Health

Explainer: How Bad Is the 'Polio Vaccine Contamination' Controversy?

The alarm is warranted – the virus was found in the stool samples of two children out of hundreds to whom the vaccine was administered. Will India still be considered 'polio free'?

New Delhi: News broke this week that vials of oral polio vaccine were found to be “contaminated” with the polio virus. The virus was first found in the stool samples of two children out of hundreds to whom the vaccine was administered.

The alarm is warranted – India was declared “polio free” in 2014 by the World Health Organization, after being free of the wild polio virus for three years before that. This is a global accolade India wants to maintain. India’s success story with defeating polio is celebrated world over and is an important chapter in public health history.

The recent discovery of contamination in vaccines could change that. But the extent of the alarm could do with some perspective.

How many kinds of polio vaccines are there?

Polio vaccines are administered orally and through injectables. They can be bivalent or trivalent, depending on which strains of wild polio virus they protect against. Vaccines are given for Type 1, Type 2 and Type 3 polio virus.

Is there a chance people get polio from vaccines?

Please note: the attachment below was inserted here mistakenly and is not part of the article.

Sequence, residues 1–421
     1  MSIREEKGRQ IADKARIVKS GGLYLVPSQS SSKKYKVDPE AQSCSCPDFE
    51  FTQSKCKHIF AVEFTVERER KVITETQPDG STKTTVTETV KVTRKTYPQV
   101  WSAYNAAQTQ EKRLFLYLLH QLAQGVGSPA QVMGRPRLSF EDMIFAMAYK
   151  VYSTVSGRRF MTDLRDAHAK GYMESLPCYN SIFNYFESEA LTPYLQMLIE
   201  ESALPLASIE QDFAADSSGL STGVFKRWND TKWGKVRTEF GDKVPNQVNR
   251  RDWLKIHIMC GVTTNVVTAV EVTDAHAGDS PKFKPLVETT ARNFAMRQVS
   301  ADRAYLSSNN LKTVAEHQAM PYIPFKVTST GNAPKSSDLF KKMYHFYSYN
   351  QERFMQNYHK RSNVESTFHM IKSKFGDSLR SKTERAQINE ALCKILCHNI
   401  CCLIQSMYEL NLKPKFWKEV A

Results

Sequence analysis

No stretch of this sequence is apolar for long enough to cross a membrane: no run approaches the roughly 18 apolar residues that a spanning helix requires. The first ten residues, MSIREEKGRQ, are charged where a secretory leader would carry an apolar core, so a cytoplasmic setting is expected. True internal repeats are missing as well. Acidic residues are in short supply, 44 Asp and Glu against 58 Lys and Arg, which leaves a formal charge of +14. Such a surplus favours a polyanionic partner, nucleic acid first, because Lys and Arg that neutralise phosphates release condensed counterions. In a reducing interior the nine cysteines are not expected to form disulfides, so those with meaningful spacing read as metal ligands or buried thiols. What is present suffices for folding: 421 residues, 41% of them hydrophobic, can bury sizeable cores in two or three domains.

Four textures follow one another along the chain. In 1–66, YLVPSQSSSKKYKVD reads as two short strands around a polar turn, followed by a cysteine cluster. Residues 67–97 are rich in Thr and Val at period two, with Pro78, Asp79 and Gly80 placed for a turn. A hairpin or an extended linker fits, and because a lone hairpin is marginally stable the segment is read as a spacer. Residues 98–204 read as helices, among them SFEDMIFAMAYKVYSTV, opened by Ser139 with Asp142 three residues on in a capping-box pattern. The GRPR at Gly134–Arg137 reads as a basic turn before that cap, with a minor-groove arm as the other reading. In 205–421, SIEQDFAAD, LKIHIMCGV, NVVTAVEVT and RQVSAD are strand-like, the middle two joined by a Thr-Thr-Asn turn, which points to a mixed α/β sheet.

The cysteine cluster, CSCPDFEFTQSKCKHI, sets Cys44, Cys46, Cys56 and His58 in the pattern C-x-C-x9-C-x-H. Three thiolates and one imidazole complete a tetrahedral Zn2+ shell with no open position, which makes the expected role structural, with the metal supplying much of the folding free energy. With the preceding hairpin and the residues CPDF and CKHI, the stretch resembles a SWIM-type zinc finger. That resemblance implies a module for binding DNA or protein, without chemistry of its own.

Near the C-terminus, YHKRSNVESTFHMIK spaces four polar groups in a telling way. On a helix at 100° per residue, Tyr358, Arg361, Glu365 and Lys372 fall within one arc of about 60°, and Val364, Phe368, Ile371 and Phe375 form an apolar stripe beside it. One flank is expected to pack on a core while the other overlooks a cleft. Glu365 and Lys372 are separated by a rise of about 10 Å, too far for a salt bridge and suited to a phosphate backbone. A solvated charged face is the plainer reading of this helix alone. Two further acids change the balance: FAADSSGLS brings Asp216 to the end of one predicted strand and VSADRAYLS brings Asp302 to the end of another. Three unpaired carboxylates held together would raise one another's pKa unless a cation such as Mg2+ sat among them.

Yes. This is called “vaccine derived polio.” Vaccine derived illness and adverse effects are a risk run with all vaccines and even with drugs, but governments introduce vaccines and drugs in public programmes despite these risks, after doing a substantial cost versus benefit analysis.

Don’t vaccines already have strains of virus in it?

Yes. Finding strains of a virus in a vaccine is not automatically a contamination, adulteration or a public health hazard as such- this is how vaccines are designed to work. Vaccines work by introducing dead or less virulent strains of a vaccine into the body through the vaccine, which then kick starts the body’s own production of antibodies to fight off the real virus if it ever hits the body.

So what is the problem with polio virus being found in the polio vaccines recently?

Here’s the catch. Type 2 of the polio virus was declared eradicated globally, in September 2015. After this the World Health Organization recommended that polio vaccines can stop having the Type 2 strain and have this vaccine phased out. This reduces the risk of people catching vaccine derived polio as well.

India, along with other countries, adhered to this made the switch from the trivalent vaccine to the bivalent vaccine (which didn’t have the Type 2 strain) in April 2016. All manufacturers were told to destroy their stocks of vaccines with Type 2 of the polio virus in it.

The fact that this recent contamination in vaccines has been found in the products of Uttar Pradesh based company, Bio-Med, indicates that the strains of Type 2 virus were not effectively destroyed, that the strains were being kept as samples by some players and that the government’s monitoring of the destruction in 2016, was not thorough.

A government official told The Wire, “We have with us certificates submitted by Bio-Med saying that they destroyed all the stock of this vaccine and also that they recalled their stock from the market.”

How risky is this new situation?

For now, it is best to treat this situation with urgency as its risk can go either way.